# meanBEINF vs predict(model, type = "response') in BEINF GAMLSS. and determining odds of predictor variable coefficient

A variation of this question has been asked, but certain items remain unanswered -

I am modeling the proportion of mortality (Prop) using a single continuous predictor variable which is temperature (Temp). I have three questions.

1.) Should I be using meanBEINF for my model predicted estimates of the response? If so, how would I extract the associated standard errors? You think the way I have it specified currently would give you the response estimates, however, running predict(beinf_mod, type = "response", what = "mu") yields the same results which has me questioning.

2.) If I exponentiate the predictor variable coefficient (contained within the mu parameter) does this give me the odds between (0,1)? nu and tau currently don't have predictor variable coefficients so I'm not sure if those are to be worked in to get odds for the total domain [0,1].

3.) Is my interpretation of the odds correct in this scenario? I am familiar with a regular beta regression or logistic model, but, the uncertainties in question 2 make me wonder if this is appropriate.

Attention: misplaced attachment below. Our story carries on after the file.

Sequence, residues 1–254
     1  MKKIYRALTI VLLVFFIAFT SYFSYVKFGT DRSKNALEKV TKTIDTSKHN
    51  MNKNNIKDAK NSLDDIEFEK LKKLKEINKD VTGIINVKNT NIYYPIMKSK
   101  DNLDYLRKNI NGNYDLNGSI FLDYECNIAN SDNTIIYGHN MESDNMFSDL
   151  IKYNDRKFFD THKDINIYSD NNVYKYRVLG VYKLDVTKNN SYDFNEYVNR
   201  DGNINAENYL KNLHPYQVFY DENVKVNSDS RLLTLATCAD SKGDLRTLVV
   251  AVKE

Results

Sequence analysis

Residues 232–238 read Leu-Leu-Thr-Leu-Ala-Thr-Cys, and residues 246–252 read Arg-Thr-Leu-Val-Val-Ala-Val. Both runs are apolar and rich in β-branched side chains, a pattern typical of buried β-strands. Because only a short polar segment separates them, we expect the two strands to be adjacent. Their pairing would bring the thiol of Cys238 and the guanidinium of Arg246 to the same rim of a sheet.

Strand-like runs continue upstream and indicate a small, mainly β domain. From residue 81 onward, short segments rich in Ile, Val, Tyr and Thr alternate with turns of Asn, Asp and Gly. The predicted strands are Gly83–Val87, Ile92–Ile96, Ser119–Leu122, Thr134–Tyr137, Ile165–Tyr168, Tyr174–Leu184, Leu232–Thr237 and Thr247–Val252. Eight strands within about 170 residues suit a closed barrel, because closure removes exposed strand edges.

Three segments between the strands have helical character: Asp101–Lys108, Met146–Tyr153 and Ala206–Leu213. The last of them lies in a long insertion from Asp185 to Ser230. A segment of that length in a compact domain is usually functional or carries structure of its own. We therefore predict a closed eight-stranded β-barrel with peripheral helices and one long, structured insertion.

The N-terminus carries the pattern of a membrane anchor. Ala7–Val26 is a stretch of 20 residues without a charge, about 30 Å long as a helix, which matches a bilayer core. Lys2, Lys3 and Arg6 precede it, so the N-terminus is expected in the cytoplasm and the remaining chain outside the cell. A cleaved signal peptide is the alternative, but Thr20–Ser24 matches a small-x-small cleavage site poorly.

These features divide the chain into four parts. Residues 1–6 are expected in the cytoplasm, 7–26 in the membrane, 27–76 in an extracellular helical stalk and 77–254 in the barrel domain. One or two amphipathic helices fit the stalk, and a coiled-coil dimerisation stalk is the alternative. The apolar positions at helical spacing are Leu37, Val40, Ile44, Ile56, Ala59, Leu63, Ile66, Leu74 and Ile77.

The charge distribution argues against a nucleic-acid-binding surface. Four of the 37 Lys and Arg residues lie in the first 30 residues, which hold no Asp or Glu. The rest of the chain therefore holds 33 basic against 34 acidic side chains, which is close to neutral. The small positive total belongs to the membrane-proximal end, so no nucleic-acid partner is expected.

Thanks in advance for the help, and it is greatly appreciated.

# generate DB
DB <- data.frame(Prop = c(0.688888889, 0.519230769, 0.378294574, 0.253644315, 0.234200744, 0.156626506,
0.191011236, 0.0625, 0.064516129, 0, 0, 0),
Temp = c(62.90857143, 62.75428571, 60.05428571, 60.23428571, 59.64285714, 57.94571429,
57.71428571, 57.14857143, 54.39714286, 51.87714286, 50.38571429, 49.1))

# beta inflated model. I understand na.omit works on the data, and that na.exclude is not really useful.
# I removed the NA's for this reproduction of the problem
beinf_mod <- gamlss(Prop ~ cs(Temp),
family=BEINF,data=na.omit(DB),na.action=na.exclude)

# obtain predictions for the estimated/expected value of y
predict(beinf_mod, type="response", se.fit=TRUE)

# get the odds of the explanatory variable. exponentiation gets us 1.47,
# so a one unit increase in temperature results in a 47% increase in the odds of mortality within the domain (0,1)
exp(coef(beinf_mod)[2])
$$$$
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